MD’s new high-end
Ryzen 7 processors kick ass, going toe-to-toe with Intel’s cheapest 8-core
chips in productivity tasks at a whopping 50 percent cost savings—or more if you
opt anything but the flagship
Ryzen 7 1800X.
No, Ryzen chips don’t offer the same raw gaming performance as Intel’s quad-core
chips. That’s indisputable. But neither do the high-end Intel Extreme Edition
processors that are Ryzen’s true peers. While
Ryzen against Intel quad-cores
illuminating for potential upgraders focused solely on gaming, it’s not quite
apples-to-apples. A more realistic way to look at it: Intel’s quad-core Core i5
and Core i7 chips are excellent gaming chips with decent productivity chops,
while Ryzen and Intel’s Extreme Edition CPUs are killer productivity and
content-creation processors that are decent in gaming.
Ryzen’s damned affordable pricing, however, goes a long way toward bridging the
The mammoth price difference between the $1,050
processors leave you a lot of budgetary wiggle room to splurge on a GPU. In
fact, for the same price as the Core i7-6900K, you could pick up a
Ryzen 7 1700 CPU
GeForce GTX 1080 Ti
and still have
$20 left over for a large pizza.
Yes, you read that right. For the same price as Intel’s cheapest 8-core
processor, you can pick up a competitive 8-core AMD chip
most powerful graphics card ever released.
In response to criticism over Ryzen’s gaming performance, AMD noted that the
performance gap shrinks when your pair the processor with a potent graphics card
and game at 4K resolution. That’s true! While doing so doesn’t reflect the pure
gaming potential of a CPU (which is why in our Ryzen review we tested at 1080p),
strenuous 4K gaming shifts the system bottleneck from the processor to the
graphics card instead, which can even out the real-world playing field between
CPUs of varying gaming-performance chops.
With a Ryzen chip and Nvidia’s monster graphics card in hand, it’s time to put
that theory to the test. Here are some brief benchmarks showing how the dynamic
duo fares in a handful of games at 4K and 1440p resolutions—for less than the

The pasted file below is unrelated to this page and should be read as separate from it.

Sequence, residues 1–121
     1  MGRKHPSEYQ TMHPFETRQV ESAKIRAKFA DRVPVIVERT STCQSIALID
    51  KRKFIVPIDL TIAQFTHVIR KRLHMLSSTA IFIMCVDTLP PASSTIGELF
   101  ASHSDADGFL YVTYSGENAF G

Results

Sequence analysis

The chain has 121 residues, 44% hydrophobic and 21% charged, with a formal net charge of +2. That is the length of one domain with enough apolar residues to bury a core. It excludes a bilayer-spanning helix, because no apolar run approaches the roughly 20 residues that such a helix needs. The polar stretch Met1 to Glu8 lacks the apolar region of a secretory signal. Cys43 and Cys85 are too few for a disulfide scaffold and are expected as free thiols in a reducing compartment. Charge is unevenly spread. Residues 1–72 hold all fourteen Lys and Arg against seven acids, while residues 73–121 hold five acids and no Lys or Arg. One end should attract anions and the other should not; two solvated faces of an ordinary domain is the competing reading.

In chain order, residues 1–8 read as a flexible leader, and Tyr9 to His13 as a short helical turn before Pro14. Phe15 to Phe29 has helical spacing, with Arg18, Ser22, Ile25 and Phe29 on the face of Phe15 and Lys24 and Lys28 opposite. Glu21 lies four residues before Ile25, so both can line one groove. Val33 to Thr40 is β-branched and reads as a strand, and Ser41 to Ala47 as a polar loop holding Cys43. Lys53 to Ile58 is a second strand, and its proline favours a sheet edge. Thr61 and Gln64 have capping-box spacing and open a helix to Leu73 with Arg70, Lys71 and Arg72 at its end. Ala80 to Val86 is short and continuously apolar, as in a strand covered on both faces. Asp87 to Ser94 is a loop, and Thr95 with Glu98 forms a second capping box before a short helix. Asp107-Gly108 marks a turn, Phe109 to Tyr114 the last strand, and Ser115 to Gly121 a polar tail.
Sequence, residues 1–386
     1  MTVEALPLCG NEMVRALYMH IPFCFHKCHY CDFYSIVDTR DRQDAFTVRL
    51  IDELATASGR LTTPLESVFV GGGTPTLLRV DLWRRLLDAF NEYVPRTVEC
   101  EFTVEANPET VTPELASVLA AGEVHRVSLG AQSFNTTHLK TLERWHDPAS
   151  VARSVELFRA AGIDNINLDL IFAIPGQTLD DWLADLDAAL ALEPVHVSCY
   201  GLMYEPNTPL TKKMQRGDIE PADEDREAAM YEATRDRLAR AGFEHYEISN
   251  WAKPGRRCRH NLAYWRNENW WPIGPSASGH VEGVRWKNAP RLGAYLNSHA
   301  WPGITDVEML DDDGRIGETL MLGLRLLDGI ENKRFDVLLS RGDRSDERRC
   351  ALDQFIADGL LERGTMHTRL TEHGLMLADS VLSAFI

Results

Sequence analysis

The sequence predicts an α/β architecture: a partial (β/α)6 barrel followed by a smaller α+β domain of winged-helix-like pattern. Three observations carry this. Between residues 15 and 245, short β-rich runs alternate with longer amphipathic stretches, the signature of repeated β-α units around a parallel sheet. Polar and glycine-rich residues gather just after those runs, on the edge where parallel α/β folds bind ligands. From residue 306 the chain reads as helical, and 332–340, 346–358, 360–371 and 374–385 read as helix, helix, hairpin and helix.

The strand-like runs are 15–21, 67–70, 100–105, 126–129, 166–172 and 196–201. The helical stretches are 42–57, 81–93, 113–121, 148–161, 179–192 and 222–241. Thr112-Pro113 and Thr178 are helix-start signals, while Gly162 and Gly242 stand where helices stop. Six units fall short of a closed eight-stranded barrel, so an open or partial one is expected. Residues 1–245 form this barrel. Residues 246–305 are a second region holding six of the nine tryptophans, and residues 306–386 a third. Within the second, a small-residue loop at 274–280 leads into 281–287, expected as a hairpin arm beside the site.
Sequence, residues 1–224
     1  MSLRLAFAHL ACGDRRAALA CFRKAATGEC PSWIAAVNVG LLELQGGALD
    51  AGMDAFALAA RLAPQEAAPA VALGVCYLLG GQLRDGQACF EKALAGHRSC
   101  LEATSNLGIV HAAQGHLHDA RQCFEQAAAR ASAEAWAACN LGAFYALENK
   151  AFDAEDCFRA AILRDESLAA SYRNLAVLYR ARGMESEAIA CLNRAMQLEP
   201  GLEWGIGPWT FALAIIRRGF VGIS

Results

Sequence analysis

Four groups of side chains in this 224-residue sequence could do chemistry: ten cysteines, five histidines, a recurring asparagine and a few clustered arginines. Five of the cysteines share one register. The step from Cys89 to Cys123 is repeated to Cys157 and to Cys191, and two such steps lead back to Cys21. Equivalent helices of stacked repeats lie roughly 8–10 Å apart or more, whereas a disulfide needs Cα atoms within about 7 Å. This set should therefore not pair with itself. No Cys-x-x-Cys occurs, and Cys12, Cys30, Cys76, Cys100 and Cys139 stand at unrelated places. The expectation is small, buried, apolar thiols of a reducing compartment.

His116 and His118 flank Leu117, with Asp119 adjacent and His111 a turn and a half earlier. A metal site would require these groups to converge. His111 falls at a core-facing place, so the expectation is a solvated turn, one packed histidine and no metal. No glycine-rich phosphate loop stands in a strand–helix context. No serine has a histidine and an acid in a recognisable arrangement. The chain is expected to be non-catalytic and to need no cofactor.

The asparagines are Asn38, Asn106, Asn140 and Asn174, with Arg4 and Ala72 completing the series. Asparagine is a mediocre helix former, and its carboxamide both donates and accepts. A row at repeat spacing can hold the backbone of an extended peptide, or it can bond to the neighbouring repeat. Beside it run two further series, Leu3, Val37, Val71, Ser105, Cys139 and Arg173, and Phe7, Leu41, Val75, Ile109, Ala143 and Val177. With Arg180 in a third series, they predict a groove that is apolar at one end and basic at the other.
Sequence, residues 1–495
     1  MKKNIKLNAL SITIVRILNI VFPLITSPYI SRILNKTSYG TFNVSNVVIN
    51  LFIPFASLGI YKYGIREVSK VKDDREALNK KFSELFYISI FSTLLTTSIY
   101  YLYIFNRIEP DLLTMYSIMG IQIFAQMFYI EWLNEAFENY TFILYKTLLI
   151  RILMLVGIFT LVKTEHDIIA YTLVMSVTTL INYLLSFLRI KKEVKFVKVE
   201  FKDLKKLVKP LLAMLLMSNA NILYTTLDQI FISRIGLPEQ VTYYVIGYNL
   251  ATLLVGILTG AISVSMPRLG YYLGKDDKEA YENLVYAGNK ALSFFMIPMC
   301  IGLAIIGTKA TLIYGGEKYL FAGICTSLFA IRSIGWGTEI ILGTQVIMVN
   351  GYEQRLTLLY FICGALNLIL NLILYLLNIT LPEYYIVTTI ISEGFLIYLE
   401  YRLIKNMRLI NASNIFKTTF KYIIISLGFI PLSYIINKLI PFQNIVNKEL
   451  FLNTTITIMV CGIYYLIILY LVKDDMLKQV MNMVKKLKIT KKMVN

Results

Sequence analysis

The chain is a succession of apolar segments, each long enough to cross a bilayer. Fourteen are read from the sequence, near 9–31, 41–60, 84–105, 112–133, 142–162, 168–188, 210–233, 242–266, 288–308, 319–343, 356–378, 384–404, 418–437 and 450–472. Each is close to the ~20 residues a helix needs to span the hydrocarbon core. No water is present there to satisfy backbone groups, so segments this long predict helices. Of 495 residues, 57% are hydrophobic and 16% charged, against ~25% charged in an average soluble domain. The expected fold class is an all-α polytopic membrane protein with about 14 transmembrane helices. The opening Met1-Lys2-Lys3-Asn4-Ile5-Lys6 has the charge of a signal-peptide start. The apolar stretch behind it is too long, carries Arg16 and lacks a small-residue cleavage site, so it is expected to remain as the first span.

cost of Intel’s cheapest 8-core chip
Testing the Ryzen 7 1700 and GTX 1080 Ti
All about the Benjamins
Pushing performance tomorrow
Pushing performance today
Testing the Ryzen 7 1700 and GTX 1080 Ti
First, a quick refresher on the hardware we’re using, followed by some test
results, before finishing with caveats and
The $330 Ryzen 7 1700 is AMD’s most affordable high-end Ryzen chip, but it still
packs 8 cores and 16 threads of power, with a 3GHz base clock speed and 3.7GHz
maximum boost clock speed out of the box. You can see its performance in
Ryzen review. Nvidia’s $700 GeForce GTX 1080 Ti, on the other hand, is the
most ferocious graphics card ever, with even more performance than the
$1,200 Titan X.
The rest of the system is identical to my ultimate
AMD gaming PC build. I just swapped out the processor and graphics card.
Since I’m trying to keep this as close to an out-of-the-box experience as
possible, I haven’t tinkered with RAM speeds or done any of the other tricks AMD
suggests to improve gaming performance. (More on that later.) I am
the latest stable BIOS, however, and switched Windows from its default
Balanced power plan to High Performance to allow Ryzen’s on-CPU management
technology to operate correctly.
Illustrating how the Ryzen 7 1700 and GTX 1080 Ti perform in tandem at 4K
resolution games is the main goal of this article. That said, for reference I’m
also going to include GTX 1080 Ti performance results from PCWorld’s Intel Core
in these charts.
It’s not quite the controlled apples-to-apples comparison you’d find in a formal
review, but the 5960X is also an 8-core, 16-thread part, and the Core i7-6900K’s
direct predecessor. It’s also paired with 16GB of DDR4 memory, just like the
As always, I benchmarked every game using the default graphics settings unless
otherwise noted, with all vendor-specific special features—such as Nvidia’s
GameWorks effects, AMD’s TressFX, and FreeSync/G-Sync—as well as VSync and
frame-rate caps disabled. These four games are among the ones we regularly use
for GPU benchmarking,
specifically picked to highlight Ryzen strong points. Each was tested until
Ryzen’s weaker-than-Intel-CPU gaming performance was revealed.
Got it? Good. Let’s start with The
, a game that AMD highlighted to the press as having solid
performance with Ryzen chips.
The Ryzen and Intel systems go neck-and-neck at 4K resolution. The gap widens a
bit at 1440p, giving the Intel system a slight 7 percent performance advantage,
but AMD’s chip still delivers a damned fine gaming experience overall in both
average frame rates and overall smoothness.
Next up: Far
Again, Ryzen competes flawlessly with the 5960X-based system at 4K, but Ryzen’s
performance deficit definitely shows at 1440p—though you still can’t knock those
damned playable frame rates.
Finally, let’s take a peek at Rise
of the Tomb Raider
of the Singularity
tested in both DirectX 11 and DirectX 12 modes.
The frame rates are still nothing to sneeze at here. These games hit 60fps or
more on Ryzen at 4K resolution! Yet even with the brute force of Nvidia’s
monster, Intel’s older 8-core Haswell-based chip clearly delivers more.